Generally, the average number of miles included in a contract is between 124 and 155 per day — it can be less for what they call premium vehicles.
Off-road driving is not part of any rental agreement, so if you want to do that, stick with a tour company — they know what they’re doing and how to handle the desert conditions best — you don’t want to break your rental contract.
Make sure you drive within the Emirates’ borders — there is plenty to see here without needing to venture abroad and, besides, you can save that for another trip!
Everything you need to know about car insurance in Dubai
UAE law states that all Car Rental Dubai vehicle agreements include Third Party Liability (TPL) insurance. This covers injury and damage that may be caused to other drivers, passengers and vehicles in the case of an accident that is deemed your fault.
It’s not uncommon for many of the rental companies to also request a Collision Damage Waiver (CDW), which covers any damage to the vehicle, but does not cover personal injury to you as a result of an accident. It’s also worth noting that it usually doesn’t cover things like the roof, windshields, tires or the vehicle’s undercarriage.
You can opt for a Super Collision Damage Waiver (SCDW), which is obviously more expensive and covers everything above the deposit. Then there is the Full Insurance option (about AED 91–110 per day), which includes personal injury insurance and roadside assistance, but still requires a deposit.
Rental vehicle excess is often included in comprehensive travel insurance policies and provides injury cover, but global travel insurance companies will usually only allow you to claim expenses if you have the necessary agreement in place with the hire company and can prove you haven’t acted recklessly if there’s an incident.
Good things to know when renting a car in Dubai
if you are planning to Car hire Dubai then must know that most hire companies in Dubai will require a deposit of some sort to cover any loss or damage to the vehicle while it is in your care.
You will get this back should the car be returned in the same condition you received it in. Luxury cars like Ferraris and Lamborghinis often require a much heftier deposit, in line with their value. Expect to fork out anywhere between AED 918–312 for a standard vehicle, and between AED 4957 and AED 10,099 for a supercar.
There are several toll points across Dubai and a couple in neighboring Abu Dhabi. All of them are signposted with red and white Salik signs.
All rental vehicles are fitted out with toll tags, which register when you drive through them — the chargeable amount is added to your rental account and you’ll fix the company up for those when you pay your final bill.
Abu Dhabi’s gates are different in that you are only charged tolls during peak times — between 6.30am-9am and from 4.30pm-7pm during the working week, which is now Monday to Friday. Rental companies generally add an extra dirham, so keep that in mind when checking your final rental ledger.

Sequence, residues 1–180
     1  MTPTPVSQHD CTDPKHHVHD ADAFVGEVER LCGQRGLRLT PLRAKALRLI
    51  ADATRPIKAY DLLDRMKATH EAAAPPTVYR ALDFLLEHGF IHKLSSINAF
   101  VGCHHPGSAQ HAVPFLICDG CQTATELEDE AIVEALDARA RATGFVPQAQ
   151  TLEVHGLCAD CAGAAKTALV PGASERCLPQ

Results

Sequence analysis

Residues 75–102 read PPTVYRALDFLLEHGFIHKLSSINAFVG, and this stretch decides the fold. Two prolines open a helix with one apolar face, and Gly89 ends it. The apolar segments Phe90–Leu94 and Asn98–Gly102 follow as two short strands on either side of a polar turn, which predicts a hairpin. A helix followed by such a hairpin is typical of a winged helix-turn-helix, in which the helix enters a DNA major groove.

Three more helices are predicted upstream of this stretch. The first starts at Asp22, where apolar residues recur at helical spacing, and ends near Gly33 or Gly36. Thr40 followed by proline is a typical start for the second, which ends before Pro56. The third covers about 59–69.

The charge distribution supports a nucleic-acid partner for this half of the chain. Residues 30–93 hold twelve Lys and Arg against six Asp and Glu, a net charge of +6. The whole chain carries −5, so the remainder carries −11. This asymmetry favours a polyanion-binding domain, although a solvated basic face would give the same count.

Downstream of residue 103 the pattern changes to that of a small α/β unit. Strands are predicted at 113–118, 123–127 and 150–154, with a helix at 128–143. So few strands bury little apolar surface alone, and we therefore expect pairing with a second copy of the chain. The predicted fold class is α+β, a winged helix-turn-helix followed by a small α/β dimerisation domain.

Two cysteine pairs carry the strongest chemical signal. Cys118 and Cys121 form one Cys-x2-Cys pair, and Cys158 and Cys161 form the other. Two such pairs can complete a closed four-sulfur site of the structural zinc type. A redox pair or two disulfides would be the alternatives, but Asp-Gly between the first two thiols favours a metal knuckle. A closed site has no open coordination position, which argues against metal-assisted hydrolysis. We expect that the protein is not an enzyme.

Any fines you acquire will be listed with the rental company and, again, you will be given a rundown of these when you return the vehicle at the end of the rental period.
What you should know about driving in Dubai
The road network is well designed here, but can be a little confusing at times. As with any destination, you need to verse yourself in the road rules before hitting the highway.
Driving is on the right. This should be no problem for American travelers, but for those from Australia and the UK it will require a side switch, not to mention, double the concentration.
And it’s kilometers, not miles, per hour. If you’re used to miles per hour, you’ll need to adjust to kilometers per hour as that’s what the signage signifies.
Be aware of minimum and maximum speed zones. You shouldn’t go any slower than 60km/hour on busy highways; that is as dangerous as going too fast and you must remain in the slow lane.
Maximum limits are generally 120km/hr but on some motorways outside of the city, they can be as fast as 140km/hr. Generally, speeds range from 40km/hr to 100km/hr, depending on where you are in the city.
Speed cameras are everywhere. Even if you can’t see them, they’re there. The UAE is serious about road safety and fines can be eye-watering, so make sure you remain within the assigned limit and move over safely if you need to.
Watch out for road hazards. Not so much on the major freeways, but this is the desert and there have been occasions when camels, gazelle and goats have wandered onto the road.
On busier stretches, sometimes debris from another car can become airborne at speed or a rickety truck might pull out of the slow lane without looking, so just have your wits about you and try to avoid any kind of distraction while you’re driving.
Drinking and driving, no way. Alcohol is illegal in the UAE, which means there is no legal amount of liquor allowed on your breath. Fines can be as much as AED 25,000 and you could face jail time.
Seatbelts are mandatory. All passengers must be restrained and no one under the age of 10 can sit in the front passenger seat. Fines start from AED 400 per person.
Avoid rush hour where you can. The roads are the busiest between 6.30am-9am and 4.30pm-7pm with commuters and school buses moving around.
Waze is a lifesaver. The navigation app got me through my time as a road-using UAE expat. You can download it through Google Play or the App store and it is up to date and accurate, but just be aware of international data fees.